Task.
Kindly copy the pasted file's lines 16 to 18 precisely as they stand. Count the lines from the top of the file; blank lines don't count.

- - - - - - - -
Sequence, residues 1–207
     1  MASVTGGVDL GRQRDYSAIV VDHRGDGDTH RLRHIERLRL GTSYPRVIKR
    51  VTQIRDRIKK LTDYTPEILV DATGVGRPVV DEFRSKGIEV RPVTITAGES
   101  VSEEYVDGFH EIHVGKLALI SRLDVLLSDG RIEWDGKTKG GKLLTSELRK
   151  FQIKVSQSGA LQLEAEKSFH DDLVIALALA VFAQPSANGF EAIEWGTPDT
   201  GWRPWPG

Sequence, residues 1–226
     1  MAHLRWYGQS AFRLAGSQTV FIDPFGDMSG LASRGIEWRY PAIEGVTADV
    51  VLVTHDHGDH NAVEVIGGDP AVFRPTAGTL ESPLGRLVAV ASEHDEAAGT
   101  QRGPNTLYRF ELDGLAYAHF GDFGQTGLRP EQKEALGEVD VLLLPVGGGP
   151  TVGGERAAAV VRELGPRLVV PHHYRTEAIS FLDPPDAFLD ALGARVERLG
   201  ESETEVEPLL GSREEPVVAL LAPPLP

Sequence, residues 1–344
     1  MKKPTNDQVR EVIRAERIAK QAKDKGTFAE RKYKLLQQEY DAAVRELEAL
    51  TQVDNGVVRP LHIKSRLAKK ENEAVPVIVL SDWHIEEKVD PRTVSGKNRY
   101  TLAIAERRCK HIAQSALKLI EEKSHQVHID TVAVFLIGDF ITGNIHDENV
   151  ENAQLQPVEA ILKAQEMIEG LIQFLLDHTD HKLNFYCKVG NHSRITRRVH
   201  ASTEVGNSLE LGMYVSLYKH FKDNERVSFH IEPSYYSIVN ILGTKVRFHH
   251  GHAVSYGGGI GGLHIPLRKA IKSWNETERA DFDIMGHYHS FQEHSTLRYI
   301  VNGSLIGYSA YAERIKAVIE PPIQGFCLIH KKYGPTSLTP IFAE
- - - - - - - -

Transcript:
   101  TLAIAERRCK HIAQSALKLI EEKSHQVHID TVAVFLIGDF ITGNIHDENV
   151  ENAQLQPVEA ILKAQEMIEG LIQFLLDHTD HKLNFYCKVG NHSRITRRVH
   201  ASTEVGNSLE LGMYVSLYKH FKDNERVSFH IEPSYYSIVN ILGTKVRFHH